Will the public take Plan B seriously?

9 December 2021

12:35 AM

9 December 2021

12:35 AM

After holding strong for two weeks, fears over the Omicron variant look set to change the government’s course on Covid restrictions. Reports this morning suggest that Plan B could be implemented as early as tomorrow, including advice to work from home and — more controversially — the introduction of vaccine passports.

The timing is interesting: rumours about the possible decision landed hours after a video clip — showing the Prime Minister’s former press secretary joking about last year’s alleged Downing Street Christmas party with No. 10 aides — was leaked. Downing Street still adamantly denies the party took place. Many are wondering if this is a ‘dead cat’ strategy: one that could have serious implications for the UK’s economy and the liberty of its citizens, to draw away attention from a growing crisis.

The introduction of vaccine passports would mark a clear rebalancing of power between the individual and the state — one which former Spectator editor Boris Johnson said he would fight against with all his might. Forgetting, for a moment, the ethical implications of vaccine passports, under what evidence would such a certification system be ushered in?

Scotland certainly doesn’t provide any. Nicola Sturgeon’s push to extend the country’s vaccine passport scheme was ultimately crushed by a 70-page report last month that found no evidence that they worked, either to reduce the spread of the virus or to encourage vaccine uptake. France did see a surge in vaccine uptake when certification was first introduced, but across Europe (including in France) many countries using passports have infection rates in line with, or higher than, the UK.

This is especially pertinent, given the high vaccination levels across the UK. The latest antibody prevalence figures, published by the Office for National Statistics today, show that 95 per cent of adults are estimated to have antibodies. This figure rises to 98 per cent in the over-75s. While the virus is still transmissible after vaccination, we can be fairly confident in the UK that it is circulating among vaccinated people.

Omicron could, in theory, change the game. The data so far is patchy, with growing (but tentative) evidence that the variant is more transmissible but possibly milder than other strains. The government wants to be on the front foot of any additional problems Omicron could cause, not least for the National Health Service, which was already set to suffer a worse ‘winter crisis’ than usual.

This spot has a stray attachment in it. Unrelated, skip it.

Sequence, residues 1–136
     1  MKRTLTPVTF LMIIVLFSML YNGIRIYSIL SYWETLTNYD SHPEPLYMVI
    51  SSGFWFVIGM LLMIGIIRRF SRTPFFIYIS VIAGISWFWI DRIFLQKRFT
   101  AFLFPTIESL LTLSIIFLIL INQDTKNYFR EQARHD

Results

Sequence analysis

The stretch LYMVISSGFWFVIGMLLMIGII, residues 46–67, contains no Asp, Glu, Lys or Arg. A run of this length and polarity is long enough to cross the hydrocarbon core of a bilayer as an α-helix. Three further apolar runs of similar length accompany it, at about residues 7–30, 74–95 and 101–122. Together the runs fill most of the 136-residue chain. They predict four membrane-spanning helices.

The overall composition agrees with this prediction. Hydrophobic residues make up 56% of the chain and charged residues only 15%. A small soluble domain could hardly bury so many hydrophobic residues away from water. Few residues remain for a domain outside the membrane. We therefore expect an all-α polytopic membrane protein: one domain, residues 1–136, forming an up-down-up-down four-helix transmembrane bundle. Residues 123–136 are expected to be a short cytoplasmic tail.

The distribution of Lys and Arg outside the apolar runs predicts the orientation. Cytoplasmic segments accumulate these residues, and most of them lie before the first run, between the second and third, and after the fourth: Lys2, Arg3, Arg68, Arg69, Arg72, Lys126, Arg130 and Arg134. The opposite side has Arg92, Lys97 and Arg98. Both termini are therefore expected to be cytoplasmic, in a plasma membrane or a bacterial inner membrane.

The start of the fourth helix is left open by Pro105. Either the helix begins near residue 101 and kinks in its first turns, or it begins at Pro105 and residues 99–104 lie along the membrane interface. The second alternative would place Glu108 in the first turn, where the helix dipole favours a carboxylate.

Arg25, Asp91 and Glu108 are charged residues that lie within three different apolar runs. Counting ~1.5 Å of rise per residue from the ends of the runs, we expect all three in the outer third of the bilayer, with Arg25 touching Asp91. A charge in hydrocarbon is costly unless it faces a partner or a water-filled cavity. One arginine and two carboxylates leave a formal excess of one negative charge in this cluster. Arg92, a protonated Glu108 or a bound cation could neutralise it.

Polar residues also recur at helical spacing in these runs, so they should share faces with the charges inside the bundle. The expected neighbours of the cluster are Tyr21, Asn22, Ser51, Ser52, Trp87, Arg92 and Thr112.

Still, discussions around Plan B feel rushed, especially considering that the Justice Secretary Dominic Raab ruled it out only yesterday. And what about proportionality? With the number of Covid patients in hospitals remaining flat for over a month now, occupying roughly 5 per cent of beds, is the staggering price tag attached to Plan B — estimated to be up to £18 billion if it ran until March — a proportionate response to the current situation? UK Hospitality believes vaccine passports would hit profits by up to 25 per cent. And none of these calculations can properly estimate the long-term consequences for the economy if business and consumer confidence (especially post-vaccines) is knocked for six once again.

There’s a political problem, too. Even before last night’s bombshell video, Johnson would have been facing strong opposition from his own backbenchers over the introduction of new restrictions. Since the video dropped, that opposition risks drifting closer to mutiny. The government once again finds itself in a position where the public is starkly aware that the behaviour of their leaders has been radically at odds with the rules they imposed on the country.

Dominic Cummings survived the revelation of his lockdown trip to Barnard Castle. Matt Hancock didn’t make it through his slip-up on social distancing. Post-video, the No. 10 Christmas party looks like it’s a scandal of a similar calibre. If Johnson attempts to bring in more restrictions in the coming days, it’s not just a question of whether there is evidence to back up his actions — but if the public will comply.

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